The Navy's top admiral is defending his service's decision not to publicize flag officers' promotions and new assignments, citing concerns about cyberattacks if the information is announced.
Chief of Naval Operations Adm. John Richardson told reporters Wednesday that the announcements, which were previously released by the Pentagon and stopped abruptly in October, left flag officers vulnerable.
"There's always a tension between transparency and security," Richardson said. "I don't know if you've been personally attacked in the cyber world, but our new flags are. So ... we can do anything to kind of make sure that we can keep their information secure."
USNI News was the first to report last month that the Navy had stopped publicizing the announcements. The Marine Corps, Army and Air Force have not stopped releasing their general officer announcements through Defense Department news release.
The short announcements include officers' next assignments and promotion nominations. The Senate, which approves the promotion nominations and assignment appointments, also posts that information online, including those from the Navy.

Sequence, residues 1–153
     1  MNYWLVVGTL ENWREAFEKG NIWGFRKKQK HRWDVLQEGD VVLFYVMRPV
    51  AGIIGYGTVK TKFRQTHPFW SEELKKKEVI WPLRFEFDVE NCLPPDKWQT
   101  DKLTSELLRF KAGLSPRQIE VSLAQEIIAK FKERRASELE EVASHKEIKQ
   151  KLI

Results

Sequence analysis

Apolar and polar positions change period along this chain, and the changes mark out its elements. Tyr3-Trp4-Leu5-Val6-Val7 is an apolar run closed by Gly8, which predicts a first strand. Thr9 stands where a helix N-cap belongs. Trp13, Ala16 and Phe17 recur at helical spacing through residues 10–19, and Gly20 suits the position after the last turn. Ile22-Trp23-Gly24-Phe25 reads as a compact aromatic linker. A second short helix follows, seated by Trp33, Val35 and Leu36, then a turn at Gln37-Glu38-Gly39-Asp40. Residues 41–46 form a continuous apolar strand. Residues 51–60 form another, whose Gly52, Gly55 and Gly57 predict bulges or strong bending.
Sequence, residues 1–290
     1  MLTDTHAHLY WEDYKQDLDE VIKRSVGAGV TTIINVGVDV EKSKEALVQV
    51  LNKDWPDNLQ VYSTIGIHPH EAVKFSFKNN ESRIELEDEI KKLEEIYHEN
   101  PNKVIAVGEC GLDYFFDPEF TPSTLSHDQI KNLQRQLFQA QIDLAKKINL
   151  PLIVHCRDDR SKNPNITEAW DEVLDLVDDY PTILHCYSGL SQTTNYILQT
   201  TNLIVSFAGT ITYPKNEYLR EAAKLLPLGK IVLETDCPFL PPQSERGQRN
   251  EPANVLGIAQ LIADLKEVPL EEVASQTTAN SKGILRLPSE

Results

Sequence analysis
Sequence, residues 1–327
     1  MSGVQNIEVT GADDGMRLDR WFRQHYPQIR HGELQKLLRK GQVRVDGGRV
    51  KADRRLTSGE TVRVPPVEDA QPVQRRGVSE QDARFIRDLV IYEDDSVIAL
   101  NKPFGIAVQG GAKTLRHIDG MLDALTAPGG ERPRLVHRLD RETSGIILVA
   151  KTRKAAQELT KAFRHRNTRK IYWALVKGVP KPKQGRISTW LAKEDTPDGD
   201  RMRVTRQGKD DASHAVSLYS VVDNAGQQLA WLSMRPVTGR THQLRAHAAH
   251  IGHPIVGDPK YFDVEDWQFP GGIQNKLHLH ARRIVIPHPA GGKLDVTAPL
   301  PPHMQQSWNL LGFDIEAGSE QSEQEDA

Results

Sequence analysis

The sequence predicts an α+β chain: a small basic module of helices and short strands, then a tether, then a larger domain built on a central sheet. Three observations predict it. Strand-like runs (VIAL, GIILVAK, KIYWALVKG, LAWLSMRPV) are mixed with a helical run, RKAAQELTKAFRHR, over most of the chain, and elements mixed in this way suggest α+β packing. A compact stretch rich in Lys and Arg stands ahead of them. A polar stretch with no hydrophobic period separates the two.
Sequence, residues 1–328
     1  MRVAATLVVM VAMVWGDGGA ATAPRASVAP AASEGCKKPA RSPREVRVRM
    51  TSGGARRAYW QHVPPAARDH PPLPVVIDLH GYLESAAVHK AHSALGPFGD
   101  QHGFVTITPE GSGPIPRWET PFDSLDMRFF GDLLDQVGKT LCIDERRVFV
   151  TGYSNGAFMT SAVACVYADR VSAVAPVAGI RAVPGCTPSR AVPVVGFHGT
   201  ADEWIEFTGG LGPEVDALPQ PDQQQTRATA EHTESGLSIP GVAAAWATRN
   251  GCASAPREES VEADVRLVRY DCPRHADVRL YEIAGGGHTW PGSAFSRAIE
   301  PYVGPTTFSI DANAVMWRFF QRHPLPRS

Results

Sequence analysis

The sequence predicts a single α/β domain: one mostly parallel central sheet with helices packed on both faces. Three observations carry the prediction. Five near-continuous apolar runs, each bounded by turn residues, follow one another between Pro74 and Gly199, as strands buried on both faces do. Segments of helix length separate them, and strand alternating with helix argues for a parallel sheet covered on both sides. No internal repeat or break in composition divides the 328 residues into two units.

The Navy has sent 74 flag-officer nominations to the Senate for approval since Oct. 1, USNI News reported. It has publicized 22 flag-officer confirmations, according to the outlet, but hasn't named the admirals' new positions.
When asked whether he is concerned about the force not getting information about leaders' assignments, Richardson said the information gets out.
"Our force knows where our flags are going," he said.
Richardson did not say where the cyber threats are originating. But the policy, he added, is consistent with the steps the services must take to combat cyber threats.
A senior Navy official told The Wall Street Journal this week that the service is "under siege" from cyberattacks from China, Russia and Iran. A new Navy cybersecurity review deemed the situation dire, according to the Journal, as the service struggles to respond to the scope and sophistication of the threat.
Cyber threats, Richardson said, are moving fast. Every military branch must be "at the same level of capability" he said, "because it takes one or two vulnerabilities and the enemy can be inside the network and do some serious damage."
Richardson didn't specify how flag-officer assignments are leaving Navy leaders vulnerable to cyberattacks, saying it's "just a vulnerability that we're trying to think about."
"We'll let [the other services] know what we find out," he said.